This case is useful in exploring issues around whether an adjudicator can have jurisdiction to hear a dispute if there is no contract in writing

Suryen Nullatamby

In September 2009, Glendalough Associated SA (“Glendalough”), invited Harris Calnan Construction Co Ltd (“HCCL”) to tender for the construction of a residential block and B1 Studios at 121-127 Church Walk, London. HCCL submitted a tender, which was later revised, and by a letter of intent Glendalough engaged HCCL to proceed with the works, pending agreement of a formal contract, which was to be based on the JCT 2005 Intermediate Form of Contract with Contractors Design.

Following HCCL’s application for interim payment, Glendalough issued a withholding notice in which it was alleged that HCCL was 64 weeks in delay and liable for liquidated damages in the sum of £250,000. HCCL disputed the deduction and referred the matter to adjudication. Tony Bingham was appointed as adjudicator and asked to decide if Glendalough had the right to withhold liquidated damages from HCCL.

In its referral HCCL did not rely on a particular terms of the contract but simply pleaded:”By an agreement [Glendalough] employed [HCCL] to carry out the construction of a Residential Block and B1 Studios at 121-127 Church Walk, London.”

There was a series of exchanges between the parties and the adjudicator, including a debate on the timing of the adjudicator’s appointment. Glendalough, at all times, challenged the adjudicator’s jurisdiction on the ground that, by not evidencing the construction contract in writing in its referral notice, HCCL failed to comply with the Scheme for Construction Contracts 1998. Of critical importance is where it admitted the existence of the agreement by saying “… paragraph 2.1 [of the referral] is admitted” and alleged that the form of contract was the JCT Standard Form of Building Contract Revision 2 2009 with Quantities.

Glendalough sought a declaration to the effect that the adjudicator had no jurisdiction and should resign

Along with injunctive reliefs, Glendalough sought a declaration from the Technology and Construction Court, so the adjudicator had no jurisdiction to determine the dispute and must therefore resign.

S107 requires a construction contract to be in writing and subsection (5) provides that:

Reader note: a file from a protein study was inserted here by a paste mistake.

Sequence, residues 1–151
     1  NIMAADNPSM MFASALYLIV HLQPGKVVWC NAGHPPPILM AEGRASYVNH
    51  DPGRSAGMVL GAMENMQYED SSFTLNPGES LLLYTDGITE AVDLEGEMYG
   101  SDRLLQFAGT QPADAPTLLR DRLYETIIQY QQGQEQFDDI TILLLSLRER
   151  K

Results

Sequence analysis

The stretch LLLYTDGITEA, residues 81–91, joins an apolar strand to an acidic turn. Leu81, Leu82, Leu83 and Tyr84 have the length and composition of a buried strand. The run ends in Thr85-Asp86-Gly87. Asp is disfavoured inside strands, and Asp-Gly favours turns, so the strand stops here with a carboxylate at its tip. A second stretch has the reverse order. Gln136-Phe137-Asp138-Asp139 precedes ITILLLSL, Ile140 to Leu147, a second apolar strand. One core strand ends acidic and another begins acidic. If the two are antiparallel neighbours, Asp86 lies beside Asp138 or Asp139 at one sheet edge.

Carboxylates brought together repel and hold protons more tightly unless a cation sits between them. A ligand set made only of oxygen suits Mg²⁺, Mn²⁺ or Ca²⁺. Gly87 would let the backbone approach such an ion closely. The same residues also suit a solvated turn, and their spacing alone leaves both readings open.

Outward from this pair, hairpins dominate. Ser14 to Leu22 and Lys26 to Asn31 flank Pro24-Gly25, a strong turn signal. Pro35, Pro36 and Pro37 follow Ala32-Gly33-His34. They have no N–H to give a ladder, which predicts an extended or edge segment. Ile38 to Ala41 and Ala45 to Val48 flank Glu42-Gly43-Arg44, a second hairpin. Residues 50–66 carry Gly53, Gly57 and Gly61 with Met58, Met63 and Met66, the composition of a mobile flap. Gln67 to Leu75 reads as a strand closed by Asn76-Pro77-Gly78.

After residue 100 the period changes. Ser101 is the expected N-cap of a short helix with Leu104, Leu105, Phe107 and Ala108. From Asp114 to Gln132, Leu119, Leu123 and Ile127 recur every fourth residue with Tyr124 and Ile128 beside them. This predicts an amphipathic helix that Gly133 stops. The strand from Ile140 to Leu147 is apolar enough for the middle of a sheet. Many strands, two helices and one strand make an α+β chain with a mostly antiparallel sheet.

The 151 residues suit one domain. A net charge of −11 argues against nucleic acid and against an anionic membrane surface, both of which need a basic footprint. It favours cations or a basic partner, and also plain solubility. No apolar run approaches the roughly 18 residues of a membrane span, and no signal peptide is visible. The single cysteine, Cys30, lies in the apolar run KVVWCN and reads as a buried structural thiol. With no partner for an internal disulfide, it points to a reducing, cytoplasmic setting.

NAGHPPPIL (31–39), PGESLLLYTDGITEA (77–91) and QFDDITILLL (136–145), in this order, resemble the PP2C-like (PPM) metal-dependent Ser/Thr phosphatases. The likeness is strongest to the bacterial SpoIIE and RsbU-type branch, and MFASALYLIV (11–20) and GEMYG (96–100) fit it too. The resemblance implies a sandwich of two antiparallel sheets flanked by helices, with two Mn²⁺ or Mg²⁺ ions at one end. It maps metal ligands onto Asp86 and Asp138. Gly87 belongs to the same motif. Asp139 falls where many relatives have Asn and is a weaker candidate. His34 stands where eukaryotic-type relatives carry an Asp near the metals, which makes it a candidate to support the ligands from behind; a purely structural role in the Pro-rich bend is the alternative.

“An exchange of written submissions in adjudication proceedings … in which the existence of an agreement otherwise than in writing is alleged by one party against another party and not denied by the other party in his response constitutes […] an agreement in writing to the effect alleged.”

Mr Justice Edwards-Stuart reviewed a number of relevant authorities and endorsed Mr Justice Coulson’s judgment in SG South Ltd v Swan Yard (Cirencester) Ltd that the language of s107(5) is “a little opaque”, which “appeared designed to prevent the responding party, who has accepted the adjudicator’s jurisdiction notwithstanding the absence of a clear contract in writing, from going back on his concession.”

The judge observed that Glendalough had challenged the adjudicator’s jurisdiction on the ground of HCCL’s non-compliance with the scheme but had never raised the point that HCCL was relying on an agreement that was made otherwise than in writing so that it had no right to refer the dispute to adjudication. The judge held that since lawyers usually refer to “an agreement in writing” when referring to a written contract, the absence of either any date of the alleged agreement or any reference to writing, suggests that what was being alleged by HCCL was an agreement otherwise than in writing.

This left the question of whether the letter of intent was a construction contract for the adjudicator to decide and in dismissing Glendalough’s application, the court held that:

  • the word “agreement” in the referral notice could not have been described in wider terms and was sufficient to bring s107(5) into play
  • Glendalough ought to have known if HCCL was alleging that there was an oral agreement and could have made an appropriate denial in its response
  • a denial at some later stage in the adjudication simply came too late
  • since s107(5) was engaged, and irrespective of Glendalough’s claim that at all times it had reserved its rights to jurisdictional challenge, it was no longer open to either party, or the adjudicator, to assert or decide that the adjudicator has no jurisdiction because the referral did not disclose an agreement in writing.

Glendalough Associated SA v Harris Calnan Construction Co Ltd [2013] EWHC 3142 (TCC) is a reminder that relying on agreements made otherwise than in writing by reference to terms made in writing carries a lot of risk.

Suryen C Nullatamby is a solicitor at Silver Shemmings